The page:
Publication Details

Category Text Publication
Reference Category Qualification assignments
Document publication document
Title (Primary) Survival in changing environments - modeling the impact of climate change and land use on raptors in arid savanna
Author Wichmann, M.
Source Titel UFZ-Bericht
Year 2003
Department OESA
Volume 7/2003
Page To 105
Language englisch
UFZ inventory Leipzig - Reportsammlung, Bibliothek, 00032957, 03-0564 F/E
Abstract  The assessment of persistence time and extinction risk of populations has become a focus in recent research in ecology and nature conservation. Accordingly, in this thesis I developed a stochastic, individual-oriented model of the population dynamics of an arid area raptor, namely the tawny eagle (Aquila rapax) in the southern Kalahari arid savanna. I performed an extensive sensitivity analysis and found the model to be suitable to study the impacts of modified environments on the persistence of the tawny eagle population. I simulated various modifications in precipitation patterns (yielding prey availability) to the tawny eagle model population and found considerable influences on persistence time. Scenarios of climate change, in particular which were projected to be the most likely, led to dramatic increases in extinction risk. Even if average precipitation remains unaffected but variation among years increases I found the extinction risk to be severely augmented. Moreover, in this context this thesis presents a new way of relating breeding success of arid area raptors to annual precipitation that explicitly considers territory sizes. Furthermore, in a spatial model version, I found tree density and the pattern of tree distribution to also impact tawny eagle population persistence. Consequently, land use practices such as cattle farming and wood cutting that change these characteristics of the vegetation structure may potentially limit tawny eagle persistence and should be taken into account for nature conservation efforts. The impact of structural diversity on species diversity and the linkage between these two aspects of biodiversity are emphasized. However, the results of the model also led to new insights in theoretical population biology. I could show that our current knowledge of extinction risk in temporally stochastic environments does not hold for periodically fluctuating environments. Specifically, fluctuating environments with short periods lengths decrease the extinction risk over random environments - although other descriptive attributes of the time series remain constant. Furthermore, I present an alternative and broadly applicable method allowing the generation of time series that have strong auto-correlation with given variance. Applying this method and calculating the extinction risk in strongly auto-correlated environments led to results that deviate from what is known.On one hand, the results of this thesis document the implications for the conservation of tawny eagles and other raptors in arid savanna. In a more general context, these results offer future directions to guide ecological studies by considering climate change impacts on local populations and emphasizing the importance of structural diversity. On the other hand, my results contribute novel and exciting knowledge to the theory of population dynamics and extinction risk. New insights into both fields of ecological research found in this thesis will increase our understanding of population survival in changing environments.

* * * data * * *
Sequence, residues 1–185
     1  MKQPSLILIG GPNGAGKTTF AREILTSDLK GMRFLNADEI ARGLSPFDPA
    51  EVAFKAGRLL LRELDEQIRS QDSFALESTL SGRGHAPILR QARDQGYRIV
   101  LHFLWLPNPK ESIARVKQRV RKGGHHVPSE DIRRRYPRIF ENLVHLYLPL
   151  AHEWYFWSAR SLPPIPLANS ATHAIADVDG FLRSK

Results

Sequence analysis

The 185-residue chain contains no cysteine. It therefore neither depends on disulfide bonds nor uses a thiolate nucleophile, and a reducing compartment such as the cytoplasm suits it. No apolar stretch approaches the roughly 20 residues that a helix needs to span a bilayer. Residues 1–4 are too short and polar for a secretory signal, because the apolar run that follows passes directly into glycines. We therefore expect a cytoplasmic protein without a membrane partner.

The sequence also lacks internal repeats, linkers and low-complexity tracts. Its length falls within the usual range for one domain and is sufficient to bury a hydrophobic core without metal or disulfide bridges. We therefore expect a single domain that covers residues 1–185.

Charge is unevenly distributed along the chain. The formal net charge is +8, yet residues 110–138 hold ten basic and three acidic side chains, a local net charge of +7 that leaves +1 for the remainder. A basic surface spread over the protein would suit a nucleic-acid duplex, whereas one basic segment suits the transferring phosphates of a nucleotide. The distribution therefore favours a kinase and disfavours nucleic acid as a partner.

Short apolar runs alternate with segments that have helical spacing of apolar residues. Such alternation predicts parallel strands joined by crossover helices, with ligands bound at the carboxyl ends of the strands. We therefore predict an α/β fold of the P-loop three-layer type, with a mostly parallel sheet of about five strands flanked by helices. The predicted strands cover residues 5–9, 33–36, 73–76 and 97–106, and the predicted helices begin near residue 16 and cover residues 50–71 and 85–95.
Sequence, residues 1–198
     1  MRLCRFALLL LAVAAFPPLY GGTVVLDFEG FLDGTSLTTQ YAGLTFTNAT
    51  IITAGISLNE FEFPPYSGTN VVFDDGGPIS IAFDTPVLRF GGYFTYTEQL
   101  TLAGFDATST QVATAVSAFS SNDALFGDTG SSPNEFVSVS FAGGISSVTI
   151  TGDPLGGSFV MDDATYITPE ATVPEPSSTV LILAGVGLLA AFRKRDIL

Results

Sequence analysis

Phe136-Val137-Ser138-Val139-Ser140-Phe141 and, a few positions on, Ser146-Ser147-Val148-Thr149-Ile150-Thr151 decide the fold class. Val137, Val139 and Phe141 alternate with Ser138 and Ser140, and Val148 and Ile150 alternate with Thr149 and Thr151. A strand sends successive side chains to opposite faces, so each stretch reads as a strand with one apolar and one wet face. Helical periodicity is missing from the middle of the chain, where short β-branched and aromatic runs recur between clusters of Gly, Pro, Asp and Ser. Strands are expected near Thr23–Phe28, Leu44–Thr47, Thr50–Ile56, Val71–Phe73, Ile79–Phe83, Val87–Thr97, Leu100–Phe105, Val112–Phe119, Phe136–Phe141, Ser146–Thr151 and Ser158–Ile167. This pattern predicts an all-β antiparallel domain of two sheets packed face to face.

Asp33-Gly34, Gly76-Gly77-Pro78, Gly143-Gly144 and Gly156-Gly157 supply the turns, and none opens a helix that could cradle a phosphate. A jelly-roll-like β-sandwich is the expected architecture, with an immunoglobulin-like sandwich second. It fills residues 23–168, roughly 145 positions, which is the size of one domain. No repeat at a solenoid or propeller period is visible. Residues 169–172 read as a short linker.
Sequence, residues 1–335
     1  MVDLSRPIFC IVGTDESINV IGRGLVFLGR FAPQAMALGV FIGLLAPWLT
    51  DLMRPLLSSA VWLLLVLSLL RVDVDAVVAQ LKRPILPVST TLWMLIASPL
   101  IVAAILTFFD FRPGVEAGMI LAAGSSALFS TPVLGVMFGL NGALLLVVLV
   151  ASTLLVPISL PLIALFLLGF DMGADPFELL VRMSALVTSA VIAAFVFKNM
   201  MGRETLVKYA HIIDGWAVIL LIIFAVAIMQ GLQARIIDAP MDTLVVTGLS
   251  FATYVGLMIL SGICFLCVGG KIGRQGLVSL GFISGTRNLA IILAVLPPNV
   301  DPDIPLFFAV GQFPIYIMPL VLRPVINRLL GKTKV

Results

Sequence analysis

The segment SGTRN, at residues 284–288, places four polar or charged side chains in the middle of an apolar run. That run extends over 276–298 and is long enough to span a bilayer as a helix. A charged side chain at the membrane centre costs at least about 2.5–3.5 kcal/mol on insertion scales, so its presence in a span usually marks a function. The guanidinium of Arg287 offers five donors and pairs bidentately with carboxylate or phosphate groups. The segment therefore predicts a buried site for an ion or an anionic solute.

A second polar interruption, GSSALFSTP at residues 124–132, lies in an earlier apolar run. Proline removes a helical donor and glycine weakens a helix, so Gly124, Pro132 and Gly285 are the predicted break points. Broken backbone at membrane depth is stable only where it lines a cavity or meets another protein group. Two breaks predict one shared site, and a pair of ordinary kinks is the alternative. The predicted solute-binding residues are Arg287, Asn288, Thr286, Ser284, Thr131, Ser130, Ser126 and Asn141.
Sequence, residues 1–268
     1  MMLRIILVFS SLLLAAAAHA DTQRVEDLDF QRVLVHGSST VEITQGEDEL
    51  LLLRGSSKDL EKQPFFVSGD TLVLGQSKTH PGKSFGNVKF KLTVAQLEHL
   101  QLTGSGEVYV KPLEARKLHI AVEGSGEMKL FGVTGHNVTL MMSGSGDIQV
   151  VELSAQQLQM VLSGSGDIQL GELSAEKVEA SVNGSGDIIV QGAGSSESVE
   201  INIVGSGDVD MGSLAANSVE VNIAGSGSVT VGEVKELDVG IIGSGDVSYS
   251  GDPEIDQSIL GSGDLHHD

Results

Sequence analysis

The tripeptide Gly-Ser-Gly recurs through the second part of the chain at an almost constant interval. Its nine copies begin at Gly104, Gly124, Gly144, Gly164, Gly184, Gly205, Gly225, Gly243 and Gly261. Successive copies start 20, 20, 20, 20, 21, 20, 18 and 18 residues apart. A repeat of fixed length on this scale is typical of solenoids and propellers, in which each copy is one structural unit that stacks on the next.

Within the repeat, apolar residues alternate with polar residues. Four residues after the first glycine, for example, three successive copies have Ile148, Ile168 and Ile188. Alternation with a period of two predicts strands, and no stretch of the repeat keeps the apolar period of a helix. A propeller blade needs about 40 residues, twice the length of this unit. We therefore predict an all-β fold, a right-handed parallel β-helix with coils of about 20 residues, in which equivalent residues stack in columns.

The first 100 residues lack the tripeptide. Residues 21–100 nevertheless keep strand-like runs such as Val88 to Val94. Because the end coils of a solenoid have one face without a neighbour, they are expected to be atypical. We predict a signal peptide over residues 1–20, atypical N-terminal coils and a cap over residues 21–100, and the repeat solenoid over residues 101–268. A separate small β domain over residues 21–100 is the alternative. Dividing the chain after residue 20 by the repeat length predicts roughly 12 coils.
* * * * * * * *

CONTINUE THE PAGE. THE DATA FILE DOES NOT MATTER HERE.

Persistent UFZ Identifier
Wichmann, M. (2003):
Survival in changing environments - modeling the impact of climate change and land use on raptors in arid savanna
Dissertation, Universit├Ąt Potsdam
UFZ-Bericht 7/2003
UFZ Leipzig-Halle GmbH, Leipzig, 105 pp.